Its an even more vexing decision. Do you take the social guy if it means that everyone else in the raid gets worse loot?

    • Over the years, I’ve been in guilds where the answer would have always been “yes”, guilds where the answer would have always been “no”, and guilds where the answer would depend. If I was a raid leader today, I would make darn sure that I had an answer well before 5.4 and that I’d clearly spelled it out in writing so that everyone understood the policy. Then I would stick to that decision, even if it was inconvenient some weeks.

  2. That’s what I meant yesterday. Didn’t expect the answer to surface that soon.

    > You’ll also still be able to invite Real ID or Battle.net friends cross-realm

    They see flex raids as a huge success (so do I). They see this as the solution (or part of a solution) for dying servers. They see that this will lessen the need for server transfers. Hence they tried to milk them with the 50% discount as long as it lasts.

  3. Wow.

    What an enormous let down. I mean, really? That’s it? LFR is there if you want to queue with your guildies and do “fun” content, so I don’t really understand why this is at all necessary. Considering all the teasing there was about this feature by GC and how it would be pretty major, this honestly seems really meh. If this had been instead of the raid finder, I’d be wetting myself, but as it is I cannot imagine a point in WoW where I would be hyped for a feature that is really nothing more than an improvement on the idea of different raid sizes introduced two expansions ago.

    • While it may seem like pretty meh to you please do understand that this is a huge game changer for some people. Back in the day when I used to be in a guild comprised of real life friends we used to have am exceptionally hard time gathering the necessary manpower to raid Molten Core 40 man – even though we had made an alliance with a bigger Spanish guild. If this feature (plus the smaller raid sizes) was available to us at the time then it would have made all the difference and I am quite sure people would have stuck around longer. There is a distinct difference between raiding exclusively with people you know and trust and having strangers fill in the gaps. I have always maintained this – more accessible content benefits everyone.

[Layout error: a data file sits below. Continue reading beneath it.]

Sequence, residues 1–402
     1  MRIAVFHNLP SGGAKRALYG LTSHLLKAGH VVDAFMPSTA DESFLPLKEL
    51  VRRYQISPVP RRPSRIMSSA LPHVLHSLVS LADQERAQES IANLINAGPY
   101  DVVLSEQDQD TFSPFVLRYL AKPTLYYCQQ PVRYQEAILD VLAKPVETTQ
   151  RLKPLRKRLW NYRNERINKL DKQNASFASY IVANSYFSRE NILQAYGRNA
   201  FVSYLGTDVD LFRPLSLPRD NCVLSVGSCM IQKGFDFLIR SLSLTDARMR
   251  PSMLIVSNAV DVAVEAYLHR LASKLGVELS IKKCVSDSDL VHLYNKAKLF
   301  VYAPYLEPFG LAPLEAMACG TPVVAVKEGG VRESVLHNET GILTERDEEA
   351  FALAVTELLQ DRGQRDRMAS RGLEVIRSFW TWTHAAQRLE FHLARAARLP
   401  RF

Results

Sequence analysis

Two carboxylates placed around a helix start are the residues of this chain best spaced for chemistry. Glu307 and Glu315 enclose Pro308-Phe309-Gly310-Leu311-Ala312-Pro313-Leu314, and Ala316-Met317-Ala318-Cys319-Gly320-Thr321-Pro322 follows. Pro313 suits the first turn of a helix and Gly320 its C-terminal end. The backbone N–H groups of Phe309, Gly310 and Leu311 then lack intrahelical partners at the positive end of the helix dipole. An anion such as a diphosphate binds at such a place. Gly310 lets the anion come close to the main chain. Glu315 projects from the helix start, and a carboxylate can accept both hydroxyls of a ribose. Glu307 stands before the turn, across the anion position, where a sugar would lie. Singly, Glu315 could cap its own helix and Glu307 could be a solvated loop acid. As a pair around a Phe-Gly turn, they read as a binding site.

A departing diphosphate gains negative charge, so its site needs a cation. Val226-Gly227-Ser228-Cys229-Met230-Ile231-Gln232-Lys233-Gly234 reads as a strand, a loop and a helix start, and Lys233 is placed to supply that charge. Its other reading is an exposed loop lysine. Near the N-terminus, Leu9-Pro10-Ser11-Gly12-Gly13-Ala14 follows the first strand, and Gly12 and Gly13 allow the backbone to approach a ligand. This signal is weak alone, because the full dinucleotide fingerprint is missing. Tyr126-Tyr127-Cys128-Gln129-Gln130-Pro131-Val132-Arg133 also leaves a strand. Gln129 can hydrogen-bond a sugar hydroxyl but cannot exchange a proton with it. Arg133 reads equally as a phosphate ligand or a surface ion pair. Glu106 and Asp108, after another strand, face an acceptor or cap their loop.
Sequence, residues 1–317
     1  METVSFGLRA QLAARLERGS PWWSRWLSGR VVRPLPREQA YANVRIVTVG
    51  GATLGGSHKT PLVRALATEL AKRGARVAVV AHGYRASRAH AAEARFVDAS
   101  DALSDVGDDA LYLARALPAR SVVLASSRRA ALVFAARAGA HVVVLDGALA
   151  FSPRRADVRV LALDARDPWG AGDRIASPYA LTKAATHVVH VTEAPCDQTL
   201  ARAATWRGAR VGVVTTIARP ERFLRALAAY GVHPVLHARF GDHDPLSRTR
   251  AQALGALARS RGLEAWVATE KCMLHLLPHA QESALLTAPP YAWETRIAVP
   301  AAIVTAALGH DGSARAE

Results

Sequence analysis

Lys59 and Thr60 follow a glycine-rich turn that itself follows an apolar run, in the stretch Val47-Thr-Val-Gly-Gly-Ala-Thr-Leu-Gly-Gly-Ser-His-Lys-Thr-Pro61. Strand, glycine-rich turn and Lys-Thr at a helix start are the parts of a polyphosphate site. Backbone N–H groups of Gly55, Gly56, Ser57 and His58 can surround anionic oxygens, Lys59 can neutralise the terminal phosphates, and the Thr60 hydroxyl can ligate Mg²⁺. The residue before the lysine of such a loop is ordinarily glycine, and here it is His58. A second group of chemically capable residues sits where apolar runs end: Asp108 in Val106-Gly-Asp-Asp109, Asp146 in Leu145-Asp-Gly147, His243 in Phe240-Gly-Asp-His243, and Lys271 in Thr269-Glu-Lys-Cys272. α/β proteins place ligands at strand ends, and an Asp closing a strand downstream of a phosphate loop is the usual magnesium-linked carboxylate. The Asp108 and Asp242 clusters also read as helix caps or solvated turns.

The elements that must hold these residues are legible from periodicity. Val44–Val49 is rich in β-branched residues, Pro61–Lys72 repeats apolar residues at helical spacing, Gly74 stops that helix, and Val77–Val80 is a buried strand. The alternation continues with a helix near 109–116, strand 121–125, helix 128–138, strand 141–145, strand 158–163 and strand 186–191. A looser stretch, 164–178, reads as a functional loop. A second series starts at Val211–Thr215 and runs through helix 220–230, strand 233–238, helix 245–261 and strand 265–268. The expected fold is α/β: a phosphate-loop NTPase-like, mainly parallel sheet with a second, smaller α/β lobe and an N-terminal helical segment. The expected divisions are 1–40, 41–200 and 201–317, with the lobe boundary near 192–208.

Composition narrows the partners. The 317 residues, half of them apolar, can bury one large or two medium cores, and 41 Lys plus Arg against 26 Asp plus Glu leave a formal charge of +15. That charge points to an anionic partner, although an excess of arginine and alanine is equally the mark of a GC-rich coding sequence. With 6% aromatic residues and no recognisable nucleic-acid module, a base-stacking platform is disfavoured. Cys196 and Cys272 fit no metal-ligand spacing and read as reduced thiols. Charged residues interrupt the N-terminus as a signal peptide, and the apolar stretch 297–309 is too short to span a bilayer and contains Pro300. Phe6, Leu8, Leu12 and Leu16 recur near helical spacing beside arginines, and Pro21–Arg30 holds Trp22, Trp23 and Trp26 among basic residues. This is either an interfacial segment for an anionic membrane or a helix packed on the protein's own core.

4. I would imagine that at low numbers, <10, you start to run into structural problems. You can assume that a ten man has two tanks, but not necessarily a 6 man, and they can only scale numbers. At the higher end, the numbers probably get difficult to scale, but i see no reason why they couldn't max at 40. It would placate those who want the older style raids back. If I were them I would just ditch LFR and 10H and merge flexraid into normal. Back to two tiers of raids and maybe even an end to 100+ itemlevel gains over an expansion.

  5. As a point of interest (or maybe not) ASA is server hopping. Highway robbery? Yes. But damn, that server is un-saveable at this point and if we DON’T move, we face the same future.
    /shrug

  6. The developers acknowledged that they thought LFR gave them the freedom to increase the difficulty of regular 10m raids. This effectively squeezed out any room for smaller guilds who could just barely put together 10 players.

    LFR creates an unpleasant, almost toxic environment that is conducive neither to guild camaraderie nor effective strategy. Motivated players found it more tolerable simply to endure that environment alone, take their loot and move on.

    Small guilds looking for relevance at end game often brick-walled on the first or second boss of raid. This could have negative consequences for the integrity of the guild as a whole.

    Flexible raiding is huge because it brings viability back to the smaller guild. The things the small guild brings to the table — personal connections among existing friends, the ability to bring new players into a social circle — all strengthen the game. The key to its success will be in tuning the difficulty levels to allow less skilled guilds a measure of their own success. This would be a perfect application of the persistence bonus.

    Sadly, this will probably come too late to undo the damage already done in Mists.